Food waste in landfill is one of the reasons for increased greenhouse emissions. Due to the lack of knowledge and concern about waste management the issue has become vast. The waste is a rich source of organic material.
This waste is actually a wealth that people fail to see. It’s sickening to see that kind of waste occurring in our society especially when there is so much food need out there. Well, waste conversion techniques can work but, without public involvement in the process, all the efforts are vain.
New Hanover County, North Carolina, has started a composting program for the public to dispose of food waste. This new program will make a significant reduction of the county’s waste. After a year of pilot testing, the composting system is now fully operational and open to the public. The waste is composted and electricity is generated.
The County approved the pilot program in January of 2017. The cost for the composting machine was $369,884 and partially funded by $15,000 in grant funds awarded by the State of North Carolina’s Division of Environmental Assistance and Customer Service.
The composting program consists of an innovative mechanical in-vessel system designed to eliminate odours and wastewater issues that are typically associated with composting operations. It creates nutrient-rich compost that helps plants retain moisture, encourages strong root growth, provides a slow, steady release of nutrients, and protects the soil against some common pests and diseases.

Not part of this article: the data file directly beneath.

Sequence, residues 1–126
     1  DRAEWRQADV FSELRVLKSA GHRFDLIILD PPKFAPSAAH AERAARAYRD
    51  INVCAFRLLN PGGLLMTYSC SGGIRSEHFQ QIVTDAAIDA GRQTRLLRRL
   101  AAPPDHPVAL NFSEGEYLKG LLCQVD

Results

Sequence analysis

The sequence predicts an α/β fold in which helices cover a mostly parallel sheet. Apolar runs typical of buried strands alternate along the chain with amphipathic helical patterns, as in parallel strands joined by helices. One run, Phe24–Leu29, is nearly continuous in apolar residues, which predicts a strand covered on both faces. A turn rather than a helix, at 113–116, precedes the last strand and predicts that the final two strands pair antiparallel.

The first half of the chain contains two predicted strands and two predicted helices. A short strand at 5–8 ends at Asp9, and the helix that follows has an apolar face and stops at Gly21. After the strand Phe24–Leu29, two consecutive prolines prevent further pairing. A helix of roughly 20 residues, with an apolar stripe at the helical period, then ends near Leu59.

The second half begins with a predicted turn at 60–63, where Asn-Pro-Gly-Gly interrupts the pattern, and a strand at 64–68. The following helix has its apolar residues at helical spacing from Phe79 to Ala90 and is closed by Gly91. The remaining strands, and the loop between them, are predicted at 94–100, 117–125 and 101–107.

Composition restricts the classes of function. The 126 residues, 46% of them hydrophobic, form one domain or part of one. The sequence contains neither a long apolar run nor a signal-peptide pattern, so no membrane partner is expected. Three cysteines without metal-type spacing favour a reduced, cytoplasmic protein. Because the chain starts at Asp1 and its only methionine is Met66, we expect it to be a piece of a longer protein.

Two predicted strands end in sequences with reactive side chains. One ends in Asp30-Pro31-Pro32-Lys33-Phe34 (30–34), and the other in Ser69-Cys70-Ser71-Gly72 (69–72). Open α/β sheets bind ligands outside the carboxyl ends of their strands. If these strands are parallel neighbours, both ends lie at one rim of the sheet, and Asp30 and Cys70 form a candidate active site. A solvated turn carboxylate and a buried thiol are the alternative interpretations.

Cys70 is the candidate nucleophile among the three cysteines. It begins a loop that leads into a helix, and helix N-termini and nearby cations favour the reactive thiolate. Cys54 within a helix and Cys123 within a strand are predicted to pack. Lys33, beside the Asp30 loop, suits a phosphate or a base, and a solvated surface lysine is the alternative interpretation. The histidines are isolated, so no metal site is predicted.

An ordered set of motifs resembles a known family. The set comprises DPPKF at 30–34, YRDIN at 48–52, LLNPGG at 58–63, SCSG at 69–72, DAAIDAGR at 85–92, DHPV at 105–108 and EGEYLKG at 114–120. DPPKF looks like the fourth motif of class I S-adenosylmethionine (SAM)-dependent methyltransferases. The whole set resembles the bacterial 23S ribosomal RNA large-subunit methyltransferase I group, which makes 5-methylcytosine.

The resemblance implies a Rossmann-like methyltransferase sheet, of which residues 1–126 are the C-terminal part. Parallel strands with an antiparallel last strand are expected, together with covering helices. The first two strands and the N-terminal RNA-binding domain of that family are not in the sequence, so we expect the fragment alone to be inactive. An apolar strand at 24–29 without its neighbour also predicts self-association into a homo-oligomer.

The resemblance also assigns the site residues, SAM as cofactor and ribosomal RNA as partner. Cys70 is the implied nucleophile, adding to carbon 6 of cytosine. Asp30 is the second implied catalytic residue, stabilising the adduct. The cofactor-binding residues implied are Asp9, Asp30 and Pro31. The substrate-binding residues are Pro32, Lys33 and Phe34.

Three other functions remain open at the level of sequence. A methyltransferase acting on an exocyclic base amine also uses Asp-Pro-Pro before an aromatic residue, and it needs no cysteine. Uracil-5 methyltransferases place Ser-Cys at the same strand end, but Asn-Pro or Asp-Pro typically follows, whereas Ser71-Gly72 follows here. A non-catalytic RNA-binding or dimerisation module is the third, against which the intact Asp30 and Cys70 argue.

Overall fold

The best part of this program is that the public can directly give their unpacked food waste and they won’t be charged. Anyways there are few restrictions to the type of waste collected. Type of wastes not accepted are plastics, metals such as cans, grease and oils and clam and oyster shells. With more composters installed, the public would eventually develop a habit to segregate waste and discharge food waste in the composters.
According to the County’s officials, the composting system is unique as the system follows in vessel method of composting. Here, all the waste is put in one vessel which has controlled temperature and air flow. The compost generated is processed to eliminate potential pathogens and destroy weed seeds.
Currently, the compost is used for New Hanover County Parks and Gardens. The compost is not available for purchase or private use. Installation of more composters in cities would motivate the people and help officials manage food waste.